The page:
Mail Online: My canine carer can even tell when I’m about to faint

After years of ill health nearly destroyed her, Libbi Mattick rediscovered her freedom thanks to her assistance dog Sparrow. She tells Kate Thompson about the amazing four-legged saviour who fetches help, brings her medicine – and does the laundry.

Mail Online by Kate Thompson: 23 May 2021

Extracts:

Sparrow arrived in Libbi’s home in Surrey on Christmas Eve 2018. After a gruelling 13-year battle with ME, Libbi was virtually housebound; unable to venture out alone for fear of being overwhelmed by the exhaustion, headaches, panic attacks, fainting episodes and seizures which dominated her life.

Sparrow

‘Aged 15, I came down with a virus called labyrinthitis and never recovered,’ explains Libbi. ‘My life imploded. I went from being a fun-loving, healthy girl, who adored ballet, to someone who needed help walking up the stairs,’ says Libbi, now 29.

Over the next two years Libbi’s body was overwhelmed by ME and a resulting eating disorder, and she marked her 18th birthday on a hospital ward.

‘My weight had dropped by half and I began having seizures, which were diagnosed as epilepsy. It was terrifying. My education suffered as I couldn’t manage full days at school, I had to give up dancing and most of my friends drifted away. It was as if my body had turned against me. I was still a teenager but I felt like a 90-year-old.’

Libbi Mattick
Libbi, Irving and Sparrow at Disney World Florida, 2018

The physical trauma had a knock-on effect on Libbi’s mental health. ‘I struggled with depression, anxiety and panic attacks. I also developed an obsessive-compulsive disorder.’

As her peers went off to university, Libbi could barely summon up the energy to wash her own hair. To add to her pain, at that time, many in the medical profession still believed that ME was a psychological condition, with sufferers frequently made to feel as though they could – and should – snap out of it.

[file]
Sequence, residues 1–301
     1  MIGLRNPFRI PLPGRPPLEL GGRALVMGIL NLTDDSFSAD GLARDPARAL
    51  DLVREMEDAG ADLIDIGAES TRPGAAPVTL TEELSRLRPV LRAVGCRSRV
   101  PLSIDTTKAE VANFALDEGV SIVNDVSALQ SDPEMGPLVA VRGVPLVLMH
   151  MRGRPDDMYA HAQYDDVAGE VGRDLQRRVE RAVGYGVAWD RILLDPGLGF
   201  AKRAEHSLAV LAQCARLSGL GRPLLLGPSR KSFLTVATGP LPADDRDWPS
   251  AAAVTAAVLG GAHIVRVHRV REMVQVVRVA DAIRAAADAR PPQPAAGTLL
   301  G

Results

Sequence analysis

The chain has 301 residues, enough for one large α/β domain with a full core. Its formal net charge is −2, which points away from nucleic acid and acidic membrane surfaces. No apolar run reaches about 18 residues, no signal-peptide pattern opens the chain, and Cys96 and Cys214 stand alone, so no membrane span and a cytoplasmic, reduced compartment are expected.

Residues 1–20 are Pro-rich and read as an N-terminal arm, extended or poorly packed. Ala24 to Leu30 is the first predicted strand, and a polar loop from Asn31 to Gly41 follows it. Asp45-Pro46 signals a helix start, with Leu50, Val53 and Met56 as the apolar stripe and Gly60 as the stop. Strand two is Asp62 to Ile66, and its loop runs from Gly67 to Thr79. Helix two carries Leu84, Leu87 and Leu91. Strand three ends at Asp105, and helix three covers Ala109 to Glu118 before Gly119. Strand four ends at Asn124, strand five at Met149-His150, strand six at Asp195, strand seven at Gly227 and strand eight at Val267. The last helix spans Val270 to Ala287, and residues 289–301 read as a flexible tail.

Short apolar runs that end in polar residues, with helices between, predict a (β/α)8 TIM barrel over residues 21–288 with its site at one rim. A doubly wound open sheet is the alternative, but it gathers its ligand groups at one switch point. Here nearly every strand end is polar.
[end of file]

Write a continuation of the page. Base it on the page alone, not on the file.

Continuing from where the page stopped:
But Libbi’s stay in hospital did have a positive side-effect. ‘In outpatient treatment afterwards, I met a brilliant eating-disorder nurse who understood that ME was a massive factor in all my problems and she gave me tools to cope.’

The nurse taught Libbi the importance of keeping a diary to identify patterns in her illness. ‘Through this I learned that if my ME flared up, it would often be followed by a low spell in my mental health –and that the two were linked. This gave me back some feeling of control over my body.’

Sparrow

‘She is constantly scanning me to read the subtle signs that my body gives off,’ Libbi explains. ‘When she senses my health deteriorating [changes in heart rate, breathing and cortisol levels], she will nudge or jump at me to tell me to sit before I fall, and then lie across my legs in a grounding technique called deep pressure therapy to help me recover. This helps the blood pump better around my body and calms the physiological symptoms of panic and anxiety.

‘If I’m not aware an attack is developing, she will paw at me or lick my hand, and I know I need to manage it before it becomes an emergency. Sparrow is also trained to take a silicone band I wear on my wrist to indicate I need help if I’ve collapsed or fainted. She will show it to Irving, or anyone else at home, and they then know to follow her to find me.’

Libbi Mattick

Sparrow can also help empty the washing machine, pick up dropped items and close cupboards on command, meaning Libbi doesn’t have to bend down, an action that can trigger fainting episodes.

‘I never used to be able to go out alone. Now, thanks to Sparrow, I have independence.’

Libbi would like to see more understanding of ME and the devastating effect it can have on the UK’s estimated 250,000 sufferers. ‘Chronic illness is complex and the impact is far-reaching,’ Libbi says.

‘My entire identity is bound up in an invisible illness that cloaks every area of my life. But Sparrow has enabled me to embrace the positives. She is my shadow, keeping me safe.’

Libbi Mattick
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